One recent morning I decided to remove the rails from the crib and transition Sam to a toddler bed. I figured he was ready. He’d already been climbing out fairly regularly thanks to Nate’s tutelage, and now he’d be able to climb back into the bed—something he couldn’t do previously. For some silly optimistic reason, I believed that in a toddler bed, Sam would get out, cause some ruckus upstairs, become disarmed by his drowsiness, and retreat to his bed to take a nice, long nap.
And personally, I need that time. I could feel the caffeine evaporate from my bloodstream—is that how caffeine works?—when I sit at the dining room table waiting for Sam to finish lunch. My eyes moved from side to side, glimpsing the dust particles in the sunlit air, the Greek yogurt stains on the back of Sam’s chair, and the sticky fingerprints on…well, on everything. I really resented those fingerprints. And the yogurt stains. And I knew that those dust bunnies are malicious.
In my head, I knew that if Sam went to sleep right now, at this very moment, I would have just enough energy and motivation left in my bloodstream to properly attack all those evil Mercenaries of Dirt—to the point that they would never dare to return! At least for another week or so.
So if Sam can just manage naptime on his own—climbing out of his new toddler bed to grab that drowsiness-causing train book and then climbing back in to meet his date with slumber—I can be super-productive! I started to mentally map out the most efficient route between the cleaning products and the windows that need to be Windexed. I calculated how much time is left on the dryer cycle before those clothes will need to be folded. And when was the last time I scrubbed the master bathroom toilet? Also, when was the last time I used the toilet? My to-do list was growing. Just like my two year-old nemesis who’d just wrangled the last gob of peanut butter into his mouth.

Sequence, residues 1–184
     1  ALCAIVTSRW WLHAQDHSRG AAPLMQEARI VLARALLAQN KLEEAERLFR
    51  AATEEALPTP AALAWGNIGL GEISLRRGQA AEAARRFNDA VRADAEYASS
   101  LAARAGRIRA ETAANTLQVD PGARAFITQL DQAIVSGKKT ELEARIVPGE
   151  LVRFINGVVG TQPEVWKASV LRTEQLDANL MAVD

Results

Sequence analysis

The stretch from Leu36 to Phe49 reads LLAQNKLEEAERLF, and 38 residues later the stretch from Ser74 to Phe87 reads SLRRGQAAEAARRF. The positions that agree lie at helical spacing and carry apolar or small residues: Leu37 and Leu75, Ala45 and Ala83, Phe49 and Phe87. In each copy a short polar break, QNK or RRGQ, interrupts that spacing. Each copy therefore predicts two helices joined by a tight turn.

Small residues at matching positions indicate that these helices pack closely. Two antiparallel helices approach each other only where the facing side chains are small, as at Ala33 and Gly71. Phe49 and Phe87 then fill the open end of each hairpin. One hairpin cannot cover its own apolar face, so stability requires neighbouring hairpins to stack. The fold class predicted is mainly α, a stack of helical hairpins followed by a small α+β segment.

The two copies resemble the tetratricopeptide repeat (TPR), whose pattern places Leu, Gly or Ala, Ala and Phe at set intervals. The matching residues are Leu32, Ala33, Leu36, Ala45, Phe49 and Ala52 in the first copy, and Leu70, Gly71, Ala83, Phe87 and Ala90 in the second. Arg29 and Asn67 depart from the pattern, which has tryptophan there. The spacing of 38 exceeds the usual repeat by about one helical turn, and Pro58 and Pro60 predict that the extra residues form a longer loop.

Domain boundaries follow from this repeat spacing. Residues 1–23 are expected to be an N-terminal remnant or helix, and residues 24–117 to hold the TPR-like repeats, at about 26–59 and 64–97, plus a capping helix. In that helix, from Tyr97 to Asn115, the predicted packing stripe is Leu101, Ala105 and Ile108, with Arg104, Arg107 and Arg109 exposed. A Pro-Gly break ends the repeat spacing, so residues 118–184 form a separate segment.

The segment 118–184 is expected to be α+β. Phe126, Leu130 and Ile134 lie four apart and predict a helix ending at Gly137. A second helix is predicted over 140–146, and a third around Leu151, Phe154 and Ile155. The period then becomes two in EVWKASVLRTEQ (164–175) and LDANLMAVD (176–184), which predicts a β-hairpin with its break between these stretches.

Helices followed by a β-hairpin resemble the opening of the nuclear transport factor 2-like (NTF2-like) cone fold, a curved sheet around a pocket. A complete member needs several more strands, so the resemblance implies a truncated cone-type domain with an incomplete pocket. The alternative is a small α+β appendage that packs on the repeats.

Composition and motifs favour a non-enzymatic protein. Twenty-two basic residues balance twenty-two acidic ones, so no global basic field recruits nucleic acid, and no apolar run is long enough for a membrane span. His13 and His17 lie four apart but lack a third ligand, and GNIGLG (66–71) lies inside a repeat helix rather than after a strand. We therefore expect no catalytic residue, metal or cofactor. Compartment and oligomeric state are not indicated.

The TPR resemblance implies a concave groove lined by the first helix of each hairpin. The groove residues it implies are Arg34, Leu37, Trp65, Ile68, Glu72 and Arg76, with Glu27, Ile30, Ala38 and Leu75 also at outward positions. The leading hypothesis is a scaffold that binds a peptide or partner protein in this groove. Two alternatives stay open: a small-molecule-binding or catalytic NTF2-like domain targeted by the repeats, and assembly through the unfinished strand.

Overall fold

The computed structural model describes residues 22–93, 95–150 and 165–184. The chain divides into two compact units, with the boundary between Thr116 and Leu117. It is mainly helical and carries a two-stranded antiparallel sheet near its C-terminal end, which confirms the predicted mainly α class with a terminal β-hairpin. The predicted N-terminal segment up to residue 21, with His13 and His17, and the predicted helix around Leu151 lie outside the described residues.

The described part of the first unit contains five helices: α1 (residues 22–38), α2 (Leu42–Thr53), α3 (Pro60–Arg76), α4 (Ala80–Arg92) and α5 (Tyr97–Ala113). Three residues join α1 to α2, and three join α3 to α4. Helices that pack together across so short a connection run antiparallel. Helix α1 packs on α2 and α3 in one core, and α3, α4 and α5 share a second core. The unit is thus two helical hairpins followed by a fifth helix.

But Sam had other plans. He’s industrious, with a to-do list as long as mine.
“Sam!” I called out to him—loud enough for him to hear me but softly enough to not cause a heart attack. It’s hard to fall asleep when your heart is racing. “Time to go upstairs! With your lovies! And let’s grab your water! What else do you need to bring up?”
His cast of characters required for a nap is longer than my to-do list. If I typed out all their names, it would exceed my self-imposed word limit here. That’s partly because they have very descriptive names. Like “Tiny Little Bear’s Dad.” And “Traintrack Thomas.” As opposed to “Whistle Thomas.”
We went upstairs together and positioned “everyone” in their assigned seats, barely leaving enough space for his growing body. I went through the rest of our routine using a gentle voice and manner, doing my very best to induce a sleepy mentality.
“Ok, Sam, sleep a long time!” And then I returned to adulthood downstairs.
The difference between Nate at the age of two and Sam at the age of two, both resistant to imprisonment—I mean, naptime—is that Nate wanted to immediately rejoin me downstairs and resume mother-son bonding time. That’s kinda my worst nightmare. Sam, on the other hand, wants nothing to with me. He’s perfectly content upstairs without me.
And so, with a can of Pledge in my hand and a roll of paper towels under my arm, I started to round the first bend of a productivity track. I was just hitting my stride: spray and wipe, spray and wipe. Perfectly spiraled arm motions with my dust rag. Take that, Heavy Film of Dust! My satisfied, sadistic grin grew wider.
And then—THUD! I paused to listen.
Suddenly the unmistakable sound of the toilet seat dropping to its base.
Oh, come on.
Imagining a potential plumbing disaster, I mounted the steps, two at a time. I found him hovering over the toilet bowl in the Jack-and-Jill bathroom that connects the boys’ domiciles. He was tearing off toilet paper squares one at a time and depositing them into the toilet. Since he had yet to notice me, I observed him for a few moments. He seemed to have a method. It actually wouldn’t have surprised if he had whipped out a notebook from a lab coat pocket and jotted some notes, proving or perhaps disproving his hypothesis.